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Cary Grant

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By Paul Moore and Paul Moore,SUN STAFF | February 23, 1997
"Cary Grant: A Class Apart," by Graham McCann. Columbia University Press. 352 pages. $24.95.The most familiar screen image of Cary Grant is masculine glamor and sophistication, formed by characters in "The Philadelphia Story," "To Catch a Thief" and "North by Northwest." A less familiar image came from "None But the Lonely Heart," in which Grant played a restless Cockney drifter living in London's East End.But as Graham McCann's engrossing and serious biography proves, the second image is essential to understanding how the movie star Cary Grant emerged from Archie Leach, the product of an English working-class environment.
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By Michael Sragow and Michael Sragow , michael.sragow@baltsun.com | December 4, 2009
During one of the satirical cocktail conversations in Alfred Hitchcock's "Rope" (1948), two women debate the virtues of James Mason ("so attractively sinister!") and Cary Grant. So it was perhaps a fulfillment of a directorial dream when, 50 years ago, Hitchcock pitted these two stars against each other in his most glorious adventure fantasy, "North by Northwest." "North by Northwest" reminds you of how magical and emotionally satisfying movie escapism can be, especially in the current era of "Transformers."
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ENTERTAINMENT
By Michael Sragow and Michael Sragow,Sun Movie Critic | January 18, 2004
Cary Grant was born 100 years ago today in Bristol, England. The fantasy life of England, America, and all of planet Earth would never be the same. In his 34-year big-screen career, he epitomized -- and for many, defined -- the man of the world. When Frank Sinatra presented an honorary Oscar in 1970 to Grant "for his unique mastery of the art of screen acting," Sinatra said, with legend-to-legend sympathy, that he earned it "for being Cary Grant." Actually, he earned it for acting Cary Grant: the urban cavalier with a quick tongue and cunning moves.
FEATURES
By JOHN ANDERSON and JOHN ANDERSON,NEWSDAY | February 10, 2006
Los Angeles-- --Everyone wants to be Cary Grant," an actor named Cary Grant once said. "Even I want to be Cary Grant." Does anyone want to be Harrison Ford? You'd think. The 36 movies he's made since 1967 have grossed more than $3 billion. He's starred in some of the most popular films of all time (Star Wars, Raiders of the Lost Ark), received an Academy Award nomination (Witness) and several for Golden Globes (Sabrina, The Fugitive, The Mosquito Coast). He was named Box Office Star of the Century by America movie theater owners at the 1994 Sho-West convention.
FEATURES
By Lou Cedrone and Lou Cedrone,Evening Sun Staff | December 6, 1991
When the Towson Commons opens in the spring, it will include an eight-screen cinema complex, thanks to General Cinema, the corporation that owns the Perring Plaza Cinemas and the York Road Cinemas.When the Commons cineplex opens, however, the Perring Plazas will disappear. They will be replaced by an economy food mart.The General Cinema Corp. is apparently not planning to shut down the York Road Cinemas, at present.*''Race the Wind,'' a 39-minute film on the history of sailing, will replace The Rolling Stones movie at the Imax Theater at the Maryland Science Center on Dec. 13. ''Race the Wind'' will continue there through May 8. The film includes sail footage from 1929 to the present.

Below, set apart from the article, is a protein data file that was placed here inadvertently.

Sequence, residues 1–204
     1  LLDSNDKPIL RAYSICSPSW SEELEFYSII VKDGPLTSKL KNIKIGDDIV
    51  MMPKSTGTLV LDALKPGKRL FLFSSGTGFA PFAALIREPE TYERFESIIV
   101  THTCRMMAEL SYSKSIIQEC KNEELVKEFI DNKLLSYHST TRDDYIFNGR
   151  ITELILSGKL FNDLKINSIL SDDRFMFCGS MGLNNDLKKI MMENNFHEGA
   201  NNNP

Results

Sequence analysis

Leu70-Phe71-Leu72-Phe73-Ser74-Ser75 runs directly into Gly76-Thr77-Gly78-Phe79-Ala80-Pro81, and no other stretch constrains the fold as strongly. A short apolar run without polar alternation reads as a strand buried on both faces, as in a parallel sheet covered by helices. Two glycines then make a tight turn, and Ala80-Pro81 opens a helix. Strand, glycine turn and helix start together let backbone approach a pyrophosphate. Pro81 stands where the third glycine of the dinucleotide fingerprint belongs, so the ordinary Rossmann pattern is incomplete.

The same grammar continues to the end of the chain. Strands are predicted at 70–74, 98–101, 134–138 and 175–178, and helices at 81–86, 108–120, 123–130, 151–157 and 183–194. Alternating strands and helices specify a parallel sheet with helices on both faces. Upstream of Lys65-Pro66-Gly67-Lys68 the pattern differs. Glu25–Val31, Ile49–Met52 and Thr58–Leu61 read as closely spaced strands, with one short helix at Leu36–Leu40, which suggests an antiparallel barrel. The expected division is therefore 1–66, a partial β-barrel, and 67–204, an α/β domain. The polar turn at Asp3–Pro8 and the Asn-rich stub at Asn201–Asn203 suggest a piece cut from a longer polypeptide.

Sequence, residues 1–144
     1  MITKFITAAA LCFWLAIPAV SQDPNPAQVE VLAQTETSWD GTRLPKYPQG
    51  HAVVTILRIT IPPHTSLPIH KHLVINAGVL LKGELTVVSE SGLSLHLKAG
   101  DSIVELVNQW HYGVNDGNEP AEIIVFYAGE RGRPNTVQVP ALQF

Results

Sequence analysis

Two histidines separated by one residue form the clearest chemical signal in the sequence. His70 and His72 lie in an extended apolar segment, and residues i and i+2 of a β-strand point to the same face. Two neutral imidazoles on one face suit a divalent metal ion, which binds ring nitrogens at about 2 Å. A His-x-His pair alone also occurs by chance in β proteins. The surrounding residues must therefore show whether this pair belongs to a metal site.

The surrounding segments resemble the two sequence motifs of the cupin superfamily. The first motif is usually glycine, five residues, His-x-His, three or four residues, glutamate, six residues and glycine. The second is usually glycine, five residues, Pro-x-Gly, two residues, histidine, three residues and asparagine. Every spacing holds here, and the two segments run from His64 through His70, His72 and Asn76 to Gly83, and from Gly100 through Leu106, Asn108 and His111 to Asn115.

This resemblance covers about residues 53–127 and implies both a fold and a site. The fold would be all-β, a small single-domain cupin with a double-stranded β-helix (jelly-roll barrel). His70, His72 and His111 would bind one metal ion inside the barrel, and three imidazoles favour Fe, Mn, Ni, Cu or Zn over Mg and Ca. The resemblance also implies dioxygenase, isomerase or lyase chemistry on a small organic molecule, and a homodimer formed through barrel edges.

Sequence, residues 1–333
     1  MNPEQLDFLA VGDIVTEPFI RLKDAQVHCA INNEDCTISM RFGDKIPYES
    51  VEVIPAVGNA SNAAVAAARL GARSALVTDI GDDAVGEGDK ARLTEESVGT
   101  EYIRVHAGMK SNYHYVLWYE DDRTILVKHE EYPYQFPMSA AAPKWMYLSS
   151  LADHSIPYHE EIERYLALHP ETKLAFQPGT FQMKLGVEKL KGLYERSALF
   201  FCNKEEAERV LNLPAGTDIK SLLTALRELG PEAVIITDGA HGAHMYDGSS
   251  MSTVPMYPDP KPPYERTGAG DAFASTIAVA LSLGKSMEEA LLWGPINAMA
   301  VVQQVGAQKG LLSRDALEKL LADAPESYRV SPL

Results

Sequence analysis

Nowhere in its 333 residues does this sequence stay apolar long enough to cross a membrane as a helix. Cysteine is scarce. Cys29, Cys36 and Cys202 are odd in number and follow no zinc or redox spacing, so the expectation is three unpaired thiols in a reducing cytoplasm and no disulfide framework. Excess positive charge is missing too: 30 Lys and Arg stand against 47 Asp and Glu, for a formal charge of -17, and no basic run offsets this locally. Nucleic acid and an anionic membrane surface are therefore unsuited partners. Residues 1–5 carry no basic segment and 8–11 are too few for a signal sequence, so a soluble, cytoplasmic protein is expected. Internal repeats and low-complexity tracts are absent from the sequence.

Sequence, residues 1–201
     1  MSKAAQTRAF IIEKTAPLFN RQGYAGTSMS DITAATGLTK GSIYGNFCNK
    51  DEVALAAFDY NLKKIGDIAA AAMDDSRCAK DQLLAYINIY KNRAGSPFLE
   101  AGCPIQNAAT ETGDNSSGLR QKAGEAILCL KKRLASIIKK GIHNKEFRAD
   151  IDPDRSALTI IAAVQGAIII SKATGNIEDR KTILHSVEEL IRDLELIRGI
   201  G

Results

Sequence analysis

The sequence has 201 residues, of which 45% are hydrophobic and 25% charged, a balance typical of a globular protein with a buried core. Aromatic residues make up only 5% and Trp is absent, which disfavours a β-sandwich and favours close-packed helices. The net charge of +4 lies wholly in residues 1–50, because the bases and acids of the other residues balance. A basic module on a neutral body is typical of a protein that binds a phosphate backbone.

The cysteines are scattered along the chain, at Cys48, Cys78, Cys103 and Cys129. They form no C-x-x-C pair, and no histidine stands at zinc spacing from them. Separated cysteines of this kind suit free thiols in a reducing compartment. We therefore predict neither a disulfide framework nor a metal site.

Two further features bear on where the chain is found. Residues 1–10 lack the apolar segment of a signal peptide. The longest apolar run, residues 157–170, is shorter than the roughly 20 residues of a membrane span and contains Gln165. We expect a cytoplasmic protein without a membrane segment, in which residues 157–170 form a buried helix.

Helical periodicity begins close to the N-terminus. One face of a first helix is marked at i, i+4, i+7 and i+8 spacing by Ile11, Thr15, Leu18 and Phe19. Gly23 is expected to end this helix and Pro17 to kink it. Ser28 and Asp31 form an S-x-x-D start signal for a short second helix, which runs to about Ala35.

FEATURES
By Chris Kaltenbach | August 5, 1997
Getting the girl. Getting the laugh. Getting the upper hand. Regardless of what he was after, Cary Grant always made getting it look so easy.TCM kicks off a 22-film Cary Grant retrospective tonight with two films he made with the master, Alfred Hitchcock: "North By Northwest" (8 p.m.), in which he gets famously strafed by an airplane, and "To Catch a Thief" (10: 30 p.m.), in which he gets Grace Kelly (lucky guy).Hitchcock no doubt took pleasure in taking a popular favorite like Grant and putting him in peril or making him a little unsavory.
NEWS
July 1, 2003
A WONDERFUL ASPECT of modern life is that a group of people sitting around, say, a lunchroom table yesterday could energetically and argumentatively hash over the films of Katharine Hepburn. It doesn't matter that The African Queen was made 52 years ago, or The Philadelphia Story 11 years before that. Thanks to cable TV and the VCR, she was as much a part of our world as she was that of our parents or grandparents - perhaps even more so. When the news came Sunday that Miss Hepburn had died, at the age of 96, it summoned up a montage of movie images that have worked their way into national memory.
NEWS
June 1, 2002
COULD REALITY TV get any more absurd than the menu already dished up by television executives: make-believe safaris, a search for the perfect wife, bedding down with a bunch of rats, the furry kind? The answer, sadly, is yes. Here's the latest prime-time chatter from Hollywood: The featured performers in the next wave of reality TV programming won't be wanna-bes like Survivor's Richard Hatch, Big Brother's Will Kirby or Temptation Island's Billy Cleary and Mandy Lauderdale, but real-life stars who wanna-have their own reality TV shows.
FEATURES
By Chris Kaltenbach | October 4, 1997
Day 2 of AMC's fifth annual Film Preservation Festival devotes itself to the films of Alfred Hitchcock, so you know plenty of good stuff is in store.The day's highlight is the TV debut of the restored version of "Vertigo" (8 p.m.-10: 15 p.m.), with James Stewart as a police investigator obsessed with a woman he's been asked to investigate. Kim Novak plays the mysterious woman he loses and then finds? The film is a masterpiece, and the $1 million restoration was worth every penny, restoring both the film's vivid colors and its wide-screen glory.
FEATURES
By JOHN ANDERSON and JOHN ANDERSON,NEWSDAY | February 10, 2006